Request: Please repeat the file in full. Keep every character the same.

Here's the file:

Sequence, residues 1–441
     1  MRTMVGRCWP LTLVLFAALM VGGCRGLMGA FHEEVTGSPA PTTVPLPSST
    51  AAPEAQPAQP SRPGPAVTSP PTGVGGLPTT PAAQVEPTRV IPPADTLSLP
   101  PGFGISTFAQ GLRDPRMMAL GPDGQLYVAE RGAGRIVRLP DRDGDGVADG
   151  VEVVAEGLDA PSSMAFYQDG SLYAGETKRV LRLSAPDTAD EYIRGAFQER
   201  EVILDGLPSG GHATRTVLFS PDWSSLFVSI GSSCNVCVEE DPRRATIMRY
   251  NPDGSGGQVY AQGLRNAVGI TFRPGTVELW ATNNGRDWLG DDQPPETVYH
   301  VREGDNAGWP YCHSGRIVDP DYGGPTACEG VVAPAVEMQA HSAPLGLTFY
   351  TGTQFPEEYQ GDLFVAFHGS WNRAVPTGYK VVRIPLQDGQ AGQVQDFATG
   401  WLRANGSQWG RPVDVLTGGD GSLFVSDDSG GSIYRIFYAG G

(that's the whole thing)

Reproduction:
Sequence, residues 1–441
     1  MRTMVGRCWP LTLVLFAALM VGGCRGLMGA FHEEVTGSPA PTTVPLPSST
    51  AAPEAQPAQP SRPGPAVTSP PTGVGGLPTT PAAQVEPTRV IPPADTLSLP
   101  PGFGISTFAQ GLRDPRMMAL GPDGQLYVAE RGAGRIVRLP DRDGDGVADG
   151  VEVVAEGLDA PSSMAFYQDG SLYAGETKRV LRLSAPDTAD EYIRGAFQER
   201  EVILDGLPSG GHATRTVLFS PDWSSLFVSI GSSCNVCVEE DPRRATIMRY
   251  NPDGSGGQVY AQGLRNAVGI TFRPGTVELW ATNNGRDWLG DDQPPETVYH
   301  VREGDNAGWP YCHSGRIVDP DYGGPTACEG VVAPAVEMQA HSAPLGLTFY
   351  TGTQFPEEYQ GDLFVAFHGS WNRAVPTGYK VVRIPLQDGQ AGQVQDFATG
   401  WLRANGSQWG RPVDVLTGGD GSLFVSDDSG GSIYRIFYAG G